Had to just run the alphabet on the M crossing SALEM’S LOT and MCAN. Especially weird since SALES LOT sounds like a better answer. Just a total mystery to me why I’d need another letter, and I’d never heard of the “movie” (book) as reference.

Anonymous 10:22 AM  

Odd. I have always known CODA to be an epilogue, not a structural part of the tale being told. Yes, it does come after the structural part, after all, but the END of the story isn't within the CODA, but before it.

Joseph Michael 10:23 AM  

I knew a dude in high school named SAL EMSLOT. Now his name IS SUE.

RooMonster 10:24 AM  

Hey All !
Couldn't twist the ole brain into seeing what the heck the theme was. Stupid brain. Having the five "ask" words beginning the clues didn't, well, clue me in enough. Just knew the themers were movies related somehow to the clue movies. Not even with the quasi-meta clue for 67A, "One of a noted quintet". DANG.

Did notice, however, grid is 16 wide. Still has the 13 as the ending square, but has an extra block in top row, so a bit of a hidden 16er.

Didn't notice the constructors snuck their names in. But where's JASA? Har. Surprised there was never a movie called "PHAT". (In case some of you weren't around in PHAT times, it stood for "Pretty Hot And Tempting". Taboo in this "woke" society now.)

Anyway, nice puz. No ISSUE with RYE today. I hear there's a TASTE test down there at Z's Placebo and Tentacle pub. Your choices are TRUE GRIT Blue Spit (tequila), SALEMS LOT Hot Shot (fireball), USUAL SUSPECT Hang(over) Ten (long island iced tea), PARASITE Sucker (whiskey), and HOME ALONE Single Sobber (wine cooler). So come on down, doors always open. You CAN SO get your EGG ON, too.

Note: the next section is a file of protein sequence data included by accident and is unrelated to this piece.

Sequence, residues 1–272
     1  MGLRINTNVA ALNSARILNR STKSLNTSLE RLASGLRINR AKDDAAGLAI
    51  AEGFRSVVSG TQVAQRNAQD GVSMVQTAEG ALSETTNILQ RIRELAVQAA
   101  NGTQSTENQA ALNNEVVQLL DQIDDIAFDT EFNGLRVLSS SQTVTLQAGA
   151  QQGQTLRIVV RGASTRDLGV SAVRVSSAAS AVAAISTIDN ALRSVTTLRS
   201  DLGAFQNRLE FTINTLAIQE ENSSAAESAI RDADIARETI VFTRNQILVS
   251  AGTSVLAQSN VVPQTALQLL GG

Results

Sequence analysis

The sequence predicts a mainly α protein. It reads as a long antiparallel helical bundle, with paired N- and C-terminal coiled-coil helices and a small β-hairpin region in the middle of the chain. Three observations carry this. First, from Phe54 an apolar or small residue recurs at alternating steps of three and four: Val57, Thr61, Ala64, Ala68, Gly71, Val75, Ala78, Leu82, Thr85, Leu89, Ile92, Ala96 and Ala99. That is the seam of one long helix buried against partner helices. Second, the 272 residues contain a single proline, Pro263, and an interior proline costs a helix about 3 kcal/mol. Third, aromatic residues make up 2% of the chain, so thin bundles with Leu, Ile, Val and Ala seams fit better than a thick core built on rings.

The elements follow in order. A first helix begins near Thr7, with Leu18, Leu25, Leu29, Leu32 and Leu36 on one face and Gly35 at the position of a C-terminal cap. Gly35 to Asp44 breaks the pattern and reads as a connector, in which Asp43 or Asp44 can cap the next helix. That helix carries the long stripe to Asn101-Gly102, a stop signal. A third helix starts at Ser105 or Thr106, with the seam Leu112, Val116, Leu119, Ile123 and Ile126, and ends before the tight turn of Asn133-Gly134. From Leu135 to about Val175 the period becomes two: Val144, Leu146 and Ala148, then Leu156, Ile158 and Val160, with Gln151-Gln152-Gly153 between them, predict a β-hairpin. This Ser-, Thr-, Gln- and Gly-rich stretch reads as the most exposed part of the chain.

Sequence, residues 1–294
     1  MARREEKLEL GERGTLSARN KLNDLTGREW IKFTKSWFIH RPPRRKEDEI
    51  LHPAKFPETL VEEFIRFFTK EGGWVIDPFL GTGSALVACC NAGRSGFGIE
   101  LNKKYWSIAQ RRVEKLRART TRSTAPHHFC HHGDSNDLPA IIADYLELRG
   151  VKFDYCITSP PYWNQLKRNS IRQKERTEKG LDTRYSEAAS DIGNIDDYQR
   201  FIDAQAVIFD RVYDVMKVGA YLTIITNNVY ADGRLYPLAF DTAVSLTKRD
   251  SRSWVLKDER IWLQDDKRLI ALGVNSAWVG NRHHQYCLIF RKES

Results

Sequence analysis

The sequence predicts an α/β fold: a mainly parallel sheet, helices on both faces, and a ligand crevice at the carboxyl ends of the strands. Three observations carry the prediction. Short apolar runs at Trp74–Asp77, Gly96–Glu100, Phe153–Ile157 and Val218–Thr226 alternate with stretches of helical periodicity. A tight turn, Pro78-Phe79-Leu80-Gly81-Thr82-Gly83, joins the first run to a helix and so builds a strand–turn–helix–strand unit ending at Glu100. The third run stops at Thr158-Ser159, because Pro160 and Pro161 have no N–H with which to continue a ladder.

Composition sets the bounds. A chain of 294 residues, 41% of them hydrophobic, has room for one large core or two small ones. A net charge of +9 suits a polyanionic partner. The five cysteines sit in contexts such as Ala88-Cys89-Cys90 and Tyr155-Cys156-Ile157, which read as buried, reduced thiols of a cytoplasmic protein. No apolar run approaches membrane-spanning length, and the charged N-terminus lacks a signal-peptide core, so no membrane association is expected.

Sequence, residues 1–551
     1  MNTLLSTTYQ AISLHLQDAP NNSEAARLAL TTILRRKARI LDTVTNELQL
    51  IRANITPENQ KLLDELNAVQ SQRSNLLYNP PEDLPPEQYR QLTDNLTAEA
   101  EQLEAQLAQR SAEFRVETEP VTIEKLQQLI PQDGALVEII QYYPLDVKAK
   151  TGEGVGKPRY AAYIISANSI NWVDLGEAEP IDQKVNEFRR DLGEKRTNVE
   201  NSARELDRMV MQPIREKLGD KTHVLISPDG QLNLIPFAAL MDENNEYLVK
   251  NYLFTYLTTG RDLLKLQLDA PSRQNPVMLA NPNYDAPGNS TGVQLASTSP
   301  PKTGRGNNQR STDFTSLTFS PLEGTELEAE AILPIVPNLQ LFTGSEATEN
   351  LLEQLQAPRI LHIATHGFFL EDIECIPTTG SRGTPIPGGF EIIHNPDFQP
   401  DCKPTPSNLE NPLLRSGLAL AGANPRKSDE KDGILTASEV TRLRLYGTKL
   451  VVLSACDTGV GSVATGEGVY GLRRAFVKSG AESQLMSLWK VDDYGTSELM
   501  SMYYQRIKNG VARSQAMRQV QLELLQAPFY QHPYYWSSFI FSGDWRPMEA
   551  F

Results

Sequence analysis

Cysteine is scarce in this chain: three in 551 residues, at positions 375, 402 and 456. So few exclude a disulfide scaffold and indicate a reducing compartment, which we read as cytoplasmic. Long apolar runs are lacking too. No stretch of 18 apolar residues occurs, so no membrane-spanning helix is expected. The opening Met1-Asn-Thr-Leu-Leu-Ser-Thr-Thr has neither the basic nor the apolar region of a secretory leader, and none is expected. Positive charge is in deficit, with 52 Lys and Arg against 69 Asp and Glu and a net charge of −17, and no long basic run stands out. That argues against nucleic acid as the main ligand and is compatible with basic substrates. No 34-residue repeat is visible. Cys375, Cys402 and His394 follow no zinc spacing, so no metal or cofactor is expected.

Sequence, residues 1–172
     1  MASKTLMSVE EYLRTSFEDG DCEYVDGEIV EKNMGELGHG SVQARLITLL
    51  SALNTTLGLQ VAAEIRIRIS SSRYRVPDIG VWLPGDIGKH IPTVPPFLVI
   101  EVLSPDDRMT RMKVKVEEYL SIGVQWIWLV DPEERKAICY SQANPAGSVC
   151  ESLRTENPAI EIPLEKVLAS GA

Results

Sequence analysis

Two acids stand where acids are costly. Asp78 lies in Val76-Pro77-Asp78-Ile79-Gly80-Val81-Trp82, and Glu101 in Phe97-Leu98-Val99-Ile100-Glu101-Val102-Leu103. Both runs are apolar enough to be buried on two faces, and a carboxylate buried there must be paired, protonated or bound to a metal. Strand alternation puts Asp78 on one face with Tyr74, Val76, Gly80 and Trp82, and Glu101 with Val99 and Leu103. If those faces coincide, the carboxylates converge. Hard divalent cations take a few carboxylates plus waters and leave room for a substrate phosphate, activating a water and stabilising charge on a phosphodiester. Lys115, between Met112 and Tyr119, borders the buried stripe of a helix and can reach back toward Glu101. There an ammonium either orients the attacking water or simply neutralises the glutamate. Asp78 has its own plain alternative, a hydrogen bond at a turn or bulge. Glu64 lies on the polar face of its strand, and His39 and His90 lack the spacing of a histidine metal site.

One F

Whatsername 10:26 AM  

Oh what fun! I was slow to warm to this one but then caught onto the theme and ended up a happy solver. All were fairy mainstream flicks, which shouldn’t be too tough unless you happen to be a total film flunky or movie moron like Jeff Chen who wanted a revealer and from whom I borrowed both those terms.

Loved the clues for WALL SPACE and THREESOME and always happy to see Thom McAn who brings back memories of my single girl in the city days. Really an outstanding Thursday. Thanks to Andy, Natan, and all the J.A.S.A. students who contributed to this effort. A Plus!!

Anonymous 10:29 AM  


well, here's a reason one might want to do that:

"The search for high returns takes many pension funds far and wide, but the Pennsylvania teachers’ fund went farther than most. It invested in trailer park chains, pistachio farms, pay phone systems for prison inmates — and, in a particularly bizarre twist, loans to Kurds trying to carve out their own homeland in northern Iraq."

And that's the lede. The story gets worse.

Masked and Anonymous 10:32 AM  

The themers and their clues musta been a real hoot for the x-word class to come up with. Really like the theme mcguffin here -- kinda untricky for a ThursPuz, maybe -- but certainly lotsa fun.